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Archdiocese: We'll Pull Service Programs If Same-Sex Marriage Law Isn't Changed

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By Natalie Neumann

The Catholic Archdiocese of Washington is threatening to pull some social service programs it runs for the District if the proposed same-sex marriage law is not changed.

The bill does not require religious organizations to perform same-sex weddings or make space available for them, but does say they would have to obey city laws prohibiting discrimination against gay men and lesbians.

Opponents told the Washington Post the religious liberty exemption is too narrow.

The archdiocese says among other things, it would have to extend employee benefits to same-sex married couples, and it says that would leave it no choice but to abandon the city contracts.

That could affect tens of thousands of people the church helps with adoption, homelessness and health care.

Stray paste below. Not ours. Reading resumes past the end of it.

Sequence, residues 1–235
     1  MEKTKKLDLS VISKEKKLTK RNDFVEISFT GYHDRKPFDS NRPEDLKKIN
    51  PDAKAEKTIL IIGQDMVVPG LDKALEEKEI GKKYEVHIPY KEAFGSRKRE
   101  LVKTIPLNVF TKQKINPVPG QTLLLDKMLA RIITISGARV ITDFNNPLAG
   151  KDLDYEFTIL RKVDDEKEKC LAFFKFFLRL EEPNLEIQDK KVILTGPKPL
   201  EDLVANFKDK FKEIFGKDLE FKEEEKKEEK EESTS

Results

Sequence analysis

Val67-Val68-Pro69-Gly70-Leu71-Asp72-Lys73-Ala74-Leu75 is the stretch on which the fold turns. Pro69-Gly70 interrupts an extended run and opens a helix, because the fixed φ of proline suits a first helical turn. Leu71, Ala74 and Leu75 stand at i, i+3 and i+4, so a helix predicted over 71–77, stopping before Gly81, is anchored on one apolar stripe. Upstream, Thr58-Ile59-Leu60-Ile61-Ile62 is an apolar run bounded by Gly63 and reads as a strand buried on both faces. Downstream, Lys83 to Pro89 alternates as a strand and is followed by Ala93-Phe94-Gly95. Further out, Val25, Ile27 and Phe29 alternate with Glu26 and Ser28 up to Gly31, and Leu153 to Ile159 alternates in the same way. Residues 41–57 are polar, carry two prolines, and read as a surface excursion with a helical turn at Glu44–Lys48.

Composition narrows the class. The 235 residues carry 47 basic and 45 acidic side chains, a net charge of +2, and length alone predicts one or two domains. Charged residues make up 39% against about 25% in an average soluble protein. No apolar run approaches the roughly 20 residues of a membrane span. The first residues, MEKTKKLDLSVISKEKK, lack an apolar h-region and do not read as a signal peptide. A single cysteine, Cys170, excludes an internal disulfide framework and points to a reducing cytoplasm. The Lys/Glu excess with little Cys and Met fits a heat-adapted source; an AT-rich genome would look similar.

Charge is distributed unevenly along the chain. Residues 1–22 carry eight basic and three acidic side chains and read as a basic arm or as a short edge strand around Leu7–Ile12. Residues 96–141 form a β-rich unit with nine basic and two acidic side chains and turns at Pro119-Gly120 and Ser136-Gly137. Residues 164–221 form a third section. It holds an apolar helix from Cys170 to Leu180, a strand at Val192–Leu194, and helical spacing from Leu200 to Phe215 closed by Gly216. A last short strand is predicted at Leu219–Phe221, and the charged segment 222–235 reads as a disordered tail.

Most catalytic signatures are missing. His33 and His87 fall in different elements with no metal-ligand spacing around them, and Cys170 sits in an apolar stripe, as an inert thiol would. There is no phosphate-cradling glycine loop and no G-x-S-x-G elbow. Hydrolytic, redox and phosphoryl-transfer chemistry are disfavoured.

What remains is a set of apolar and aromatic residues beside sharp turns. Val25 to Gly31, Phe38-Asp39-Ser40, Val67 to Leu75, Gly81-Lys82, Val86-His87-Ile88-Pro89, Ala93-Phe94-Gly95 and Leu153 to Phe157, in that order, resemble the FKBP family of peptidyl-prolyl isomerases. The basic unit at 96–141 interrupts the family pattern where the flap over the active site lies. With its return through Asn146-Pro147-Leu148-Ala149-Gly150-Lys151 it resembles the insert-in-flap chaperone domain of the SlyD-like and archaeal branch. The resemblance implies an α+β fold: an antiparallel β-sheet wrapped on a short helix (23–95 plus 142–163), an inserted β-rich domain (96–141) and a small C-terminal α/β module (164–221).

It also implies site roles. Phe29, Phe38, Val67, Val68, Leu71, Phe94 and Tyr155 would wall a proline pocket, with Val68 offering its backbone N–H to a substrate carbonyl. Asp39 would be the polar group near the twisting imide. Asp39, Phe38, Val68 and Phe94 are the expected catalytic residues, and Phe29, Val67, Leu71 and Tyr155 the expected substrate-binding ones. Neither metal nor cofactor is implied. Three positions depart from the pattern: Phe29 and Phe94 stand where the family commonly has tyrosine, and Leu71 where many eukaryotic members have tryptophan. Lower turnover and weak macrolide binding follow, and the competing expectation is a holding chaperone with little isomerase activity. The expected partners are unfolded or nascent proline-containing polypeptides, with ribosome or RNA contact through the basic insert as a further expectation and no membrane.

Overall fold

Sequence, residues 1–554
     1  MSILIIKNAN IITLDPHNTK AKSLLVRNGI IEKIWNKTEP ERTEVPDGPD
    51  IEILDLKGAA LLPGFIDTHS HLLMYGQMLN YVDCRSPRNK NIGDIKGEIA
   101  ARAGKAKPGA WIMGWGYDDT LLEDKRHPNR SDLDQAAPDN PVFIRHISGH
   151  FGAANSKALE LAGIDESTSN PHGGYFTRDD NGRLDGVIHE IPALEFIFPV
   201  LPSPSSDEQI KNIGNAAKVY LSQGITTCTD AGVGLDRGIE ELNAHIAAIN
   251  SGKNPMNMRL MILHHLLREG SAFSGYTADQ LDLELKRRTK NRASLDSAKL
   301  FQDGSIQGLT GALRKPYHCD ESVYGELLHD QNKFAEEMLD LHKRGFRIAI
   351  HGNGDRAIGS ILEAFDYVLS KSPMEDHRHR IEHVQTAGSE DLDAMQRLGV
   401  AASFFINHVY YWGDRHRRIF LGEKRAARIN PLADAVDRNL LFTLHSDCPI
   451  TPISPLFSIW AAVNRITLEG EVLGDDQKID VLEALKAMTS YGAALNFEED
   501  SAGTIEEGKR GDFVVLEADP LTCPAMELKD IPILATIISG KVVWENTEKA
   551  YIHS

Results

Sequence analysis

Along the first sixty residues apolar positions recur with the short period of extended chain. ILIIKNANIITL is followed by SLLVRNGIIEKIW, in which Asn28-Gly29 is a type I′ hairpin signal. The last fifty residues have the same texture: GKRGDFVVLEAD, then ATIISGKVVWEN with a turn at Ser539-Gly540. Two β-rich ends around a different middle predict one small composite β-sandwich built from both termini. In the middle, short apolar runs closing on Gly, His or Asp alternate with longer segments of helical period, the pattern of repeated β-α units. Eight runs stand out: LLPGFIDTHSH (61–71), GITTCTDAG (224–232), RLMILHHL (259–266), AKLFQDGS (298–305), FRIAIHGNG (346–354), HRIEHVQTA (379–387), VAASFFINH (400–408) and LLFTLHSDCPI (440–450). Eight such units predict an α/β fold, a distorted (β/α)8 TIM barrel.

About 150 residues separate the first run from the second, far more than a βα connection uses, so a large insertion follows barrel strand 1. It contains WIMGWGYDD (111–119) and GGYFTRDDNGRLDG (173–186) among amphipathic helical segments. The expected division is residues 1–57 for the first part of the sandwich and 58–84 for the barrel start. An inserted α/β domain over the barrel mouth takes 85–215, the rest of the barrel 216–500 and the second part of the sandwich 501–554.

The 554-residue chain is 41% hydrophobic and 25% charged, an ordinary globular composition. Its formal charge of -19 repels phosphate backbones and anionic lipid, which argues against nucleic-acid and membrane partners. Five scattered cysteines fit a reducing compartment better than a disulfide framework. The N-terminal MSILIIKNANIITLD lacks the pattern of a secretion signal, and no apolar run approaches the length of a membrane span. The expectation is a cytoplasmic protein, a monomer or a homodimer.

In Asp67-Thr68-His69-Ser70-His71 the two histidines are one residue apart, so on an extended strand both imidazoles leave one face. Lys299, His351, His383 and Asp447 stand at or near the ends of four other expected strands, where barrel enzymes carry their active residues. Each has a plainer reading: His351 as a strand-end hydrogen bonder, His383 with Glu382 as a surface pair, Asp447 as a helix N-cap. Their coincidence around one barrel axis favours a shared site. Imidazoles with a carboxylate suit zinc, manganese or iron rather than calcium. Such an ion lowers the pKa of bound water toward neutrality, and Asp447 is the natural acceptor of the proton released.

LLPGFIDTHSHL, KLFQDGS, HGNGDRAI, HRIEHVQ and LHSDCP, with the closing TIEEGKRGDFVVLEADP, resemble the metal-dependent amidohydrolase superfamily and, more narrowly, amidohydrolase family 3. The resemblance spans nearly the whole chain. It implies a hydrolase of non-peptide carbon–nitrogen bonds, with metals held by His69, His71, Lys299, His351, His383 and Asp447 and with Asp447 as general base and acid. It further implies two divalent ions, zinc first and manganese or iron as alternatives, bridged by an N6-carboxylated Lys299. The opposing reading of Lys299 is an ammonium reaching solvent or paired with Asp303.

The D.C. Council is expected to debate and vote on the bill next month.

NPR

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The sixth season of HBO's Game of Thrones showed a real evolution in the way the show portrays women and in the season finale, several female characters ascended to power. NPR's Kelly McEvers talks to Glen Weldon from NPR's Pop Culture Happy Hour and Greta Johnsen, host of the Nerdette podcast, about the show.
NPR

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WAMU 88.5

Jonathan Rauch On How American Politics Went Insane

Party insiders and backroom deals: One author on why we need to bring back old-time politics.

WAMU 88.5

Episode 5: Why 1986 Still Matters

In 1986, a federal official issued a warning: If Metro continued to expand rapidly, the system faced a future of stark choices over maintaining existing infrastructure. Metro chose expansion. We talk to a historian about that decision. We also hear from a former Metro general manager about the following years, and from an Arlington planner about measuring how riders are responding to SafeTrack.

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